There has been a long standing and increasingly one-sided debate over whether certain pesticides harm both butterfly and bee populations around the world.
Since 1975, UK butterflies have faced long-term decline, with up to 70 per cent of species declining in occurrence, and 57 per cent declining in abundance.
That said however, not all butterfly species have faced decline, with a small minority having increased in distributions.
It is thought the reason behind this might be attributed to climate change, although scientists now fear that this will not continue into the future, with serious and ever-greatening climatic events severely disrupting species’ ability to cope.
With climate change aside however, how do certain pesticides affect butterflies?
The use of neonicotinoids
In November 2015, it was reported by a study that neonicotinoids – a relatively new type of insecticide used over the last 20 years – might be contributing towards the disappearance of a variety of butterfly species within the countryside.
It found that 15 out of 17 species commonly found on farmland, had shown decline alongside an increased use of neonicotinoids. The study, carried out by scientists at both the universities of Sussex and Stirling, used population data gathered from 1985 to 2012 on more than 1,000 sites across the country.
Martin Warren, chief executive of Butterfly Conservation, said that, “the debate up until now has been focused on bees. If neonicotinoids are affecting a lot of other insects, we should be even more worried” and that, “what we really want is more research. It’s crazy that we’re using a potentially dangerous-to-wildlife chemical and nobody has done those studies.”
Although the study could not definitively prove that the pesticides were causing population declines, it was able to note that a greater loss was being felt in England, more than any other country in the UK, where the neonicotinoids are primarily used.
During the summer of last year, the government suspended the ban on two types of neonicotinoids, allowing farmers to use them on crops for a total of 120 days – despite an EU clampdown.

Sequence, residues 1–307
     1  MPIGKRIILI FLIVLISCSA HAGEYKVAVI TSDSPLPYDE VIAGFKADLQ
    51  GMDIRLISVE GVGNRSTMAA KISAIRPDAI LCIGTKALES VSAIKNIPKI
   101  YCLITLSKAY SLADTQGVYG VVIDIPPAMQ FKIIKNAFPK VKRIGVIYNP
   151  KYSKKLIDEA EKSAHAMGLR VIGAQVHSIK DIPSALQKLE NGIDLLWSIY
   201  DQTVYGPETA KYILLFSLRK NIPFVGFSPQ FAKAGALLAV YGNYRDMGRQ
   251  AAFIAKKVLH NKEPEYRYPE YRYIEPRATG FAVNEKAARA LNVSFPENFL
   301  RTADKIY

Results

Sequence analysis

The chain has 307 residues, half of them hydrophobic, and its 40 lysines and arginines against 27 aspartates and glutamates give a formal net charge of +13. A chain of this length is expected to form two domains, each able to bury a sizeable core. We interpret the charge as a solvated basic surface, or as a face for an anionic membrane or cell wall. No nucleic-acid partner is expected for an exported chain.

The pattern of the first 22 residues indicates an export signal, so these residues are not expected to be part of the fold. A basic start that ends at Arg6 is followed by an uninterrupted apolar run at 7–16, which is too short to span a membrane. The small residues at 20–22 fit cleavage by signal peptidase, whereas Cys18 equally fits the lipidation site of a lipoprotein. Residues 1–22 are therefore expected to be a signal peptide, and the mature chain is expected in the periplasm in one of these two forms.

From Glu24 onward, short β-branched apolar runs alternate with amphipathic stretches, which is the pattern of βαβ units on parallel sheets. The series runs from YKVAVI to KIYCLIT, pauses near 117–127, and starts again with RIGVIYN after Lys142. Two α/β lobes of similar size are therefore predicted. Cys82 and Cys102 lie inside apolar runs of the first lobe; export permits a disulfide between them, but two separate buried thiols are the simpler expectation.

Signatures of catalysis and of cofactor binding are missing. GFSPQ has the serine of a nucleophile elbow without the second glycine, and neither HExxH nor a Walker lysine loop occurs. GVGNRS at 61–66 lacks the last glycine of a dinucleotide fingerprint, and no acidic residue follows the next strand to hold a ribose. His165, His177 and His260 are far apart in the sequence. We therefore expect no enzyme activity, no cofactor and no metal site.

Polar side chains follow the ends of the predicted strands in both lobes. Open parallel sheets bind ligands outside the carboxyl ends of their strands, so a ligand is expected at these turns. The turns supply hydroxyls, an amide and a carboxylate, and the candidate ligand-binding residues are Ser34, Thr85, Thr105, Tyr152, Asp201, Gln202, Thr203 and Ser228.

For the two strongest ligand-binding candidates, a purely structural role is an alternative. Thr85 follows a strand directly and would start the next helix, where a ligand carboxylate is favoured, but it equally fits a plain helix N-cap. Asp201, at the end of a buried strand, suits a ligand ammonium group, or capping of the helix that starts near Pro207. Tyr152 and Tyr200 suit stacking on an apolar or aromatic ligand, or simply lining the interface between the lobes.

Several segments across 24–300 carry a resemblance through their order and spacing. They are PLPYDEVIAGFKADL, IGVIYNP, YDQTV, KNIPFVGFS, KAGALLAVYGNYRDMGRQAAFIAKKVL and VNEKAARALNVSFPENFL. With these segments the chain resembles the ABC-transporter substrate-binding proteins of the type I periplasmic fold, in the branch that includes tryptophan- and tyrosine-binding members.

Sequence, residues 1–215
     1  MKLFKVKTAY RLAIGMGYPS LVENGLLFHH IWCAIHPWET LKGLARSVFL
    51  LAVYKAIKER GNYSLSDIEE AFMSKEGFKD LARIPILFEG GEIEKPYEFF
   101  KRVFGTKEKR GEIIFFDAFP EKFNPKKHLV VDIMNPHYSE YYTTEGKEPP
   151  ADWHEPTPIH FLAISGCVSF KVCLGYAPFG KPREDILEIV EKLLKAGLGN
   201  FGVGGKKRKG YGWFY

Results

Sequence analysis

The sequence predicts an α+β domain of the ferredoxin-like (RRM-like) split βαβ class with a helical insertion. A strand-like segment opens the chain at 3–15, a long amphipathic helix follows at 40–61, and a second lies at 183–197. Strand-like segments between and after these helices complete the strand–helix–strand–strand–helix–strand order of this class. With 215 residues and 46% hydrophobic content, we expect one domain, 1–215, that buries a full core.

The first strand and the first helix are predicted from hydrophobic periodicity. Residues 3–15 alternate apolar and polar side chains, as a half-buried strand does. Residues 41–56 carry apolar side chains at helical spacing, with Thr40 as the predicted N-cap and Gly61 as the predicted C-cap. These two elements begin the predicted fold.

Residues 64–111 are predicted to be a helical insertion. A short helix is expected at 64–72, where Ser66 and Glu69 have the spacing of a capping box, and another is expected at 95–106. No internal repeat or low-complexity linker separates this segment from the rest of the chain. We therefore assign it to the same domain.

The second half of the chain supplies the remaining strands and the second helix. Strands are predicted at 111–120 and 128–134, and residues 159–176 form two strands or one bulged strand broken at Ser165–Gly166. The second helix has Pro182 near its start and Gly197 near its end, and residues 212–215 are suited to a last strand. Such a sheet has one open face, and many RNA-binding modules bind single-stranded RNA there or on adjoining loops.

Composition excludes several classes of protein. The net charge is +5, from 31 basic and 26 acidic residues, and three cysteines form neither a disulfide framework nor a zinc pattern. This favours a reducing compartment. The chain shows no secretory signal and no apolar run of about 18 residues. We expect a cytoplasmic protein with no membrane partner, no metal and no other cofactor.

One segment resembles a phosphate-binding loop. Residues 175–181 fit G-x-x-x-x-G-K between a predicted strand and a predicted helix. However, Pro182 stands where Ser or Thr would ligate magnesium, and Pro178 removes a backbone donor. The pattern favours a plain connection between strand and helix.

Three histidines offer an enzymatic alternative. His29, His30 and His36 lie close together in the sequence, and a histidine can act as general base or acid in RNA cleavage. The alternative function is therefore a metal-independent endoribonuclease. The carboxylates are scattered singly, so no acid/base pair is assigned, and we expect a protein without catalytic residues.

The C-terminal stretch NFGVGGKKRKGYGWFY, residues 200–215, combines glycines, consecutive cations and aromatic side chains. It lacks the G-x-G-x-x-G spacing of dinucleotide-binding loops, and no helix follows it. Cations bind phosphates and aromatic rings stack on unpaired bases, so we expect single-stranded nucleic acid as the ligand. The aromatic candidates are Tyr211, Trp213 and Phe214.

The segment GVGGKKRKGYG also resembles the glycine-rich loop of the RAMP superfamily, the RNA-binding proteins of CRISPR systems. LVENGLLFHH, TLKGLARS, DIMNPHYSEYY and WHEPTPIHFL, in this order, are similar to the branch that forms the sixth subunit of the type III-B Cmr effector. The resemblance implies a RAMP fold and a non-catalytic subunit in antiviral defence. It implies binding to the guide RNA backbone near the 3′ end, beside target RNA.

At the time, the ban was described as “scandalous” by opponents and The Guardian uncovered a gagging order imposed on government expert advisors.
An earlier application for the lift by the National Farmers’ Union (NFU) was rejected, but vice president, Guy Smith, said that:
“The NFU has worked relentlessly to submit a robust application and we’re glad to finally see a positive result.”
“However, we know that this isn’t enough – flea beetle threat is a widespread problem on a national scale and the extremely limited nature of this authorisation is unfortunately not going to help the vast majority of farmers in need of the protection.”
Friends of the Earth bees campaigner, De Zylva, had a different opinion, stating that “the NFU’s campaign to undermine the pesticides ban has given an impression of large crop losses nationwide, but this is not supported either by the scientific evidence or harvest figures.”
The figures were not made public due to commercial confidentiality reasons.
Could a reduced use of neonicotinoids improve animal populations?
There has been evidence elsewhere that reduced use of neonicotinoids could lead to improved bee populations.
According to the French National Beekeepers Union (UNAF), honeybee colonies were found to have partially recovered since 2003, with no high summer mortality rates having been reported since neonicotinoid bans were put into place.
The study did not indicate whether this ban affected butterfly populations however.
Do herbicides have an effect on butterfly populations?
Research published in 2012 by scientists at Washington State University found that herbicides also have a role in the decline of the butterfly – especially the Lange’s metalmark butterfly, which relies on a single food source for survival.
The study investigated three commonly used herbicides used in the US; triclopyr, sethoxydim, and imazapyr, which are normally considered to be safe for use, but when larvaes were exposed to the chemicals, adult populations dropped by between 25 and 30 per cent.
Out of the three herbicides mentioned however, only one is currently sold in the UK – triclopyr, found under the trade name of SBK, Shrub and Brushwood Killer.
The herbicide targets broadleaved plants such as nettles and brambles, and is widely used in forestry practices to prevent unwanted growth. It is also considered to be non-toxic to bees, although it has a low toxicity to ducks and other birds.
Check out our page on how to help butterflies in the UK.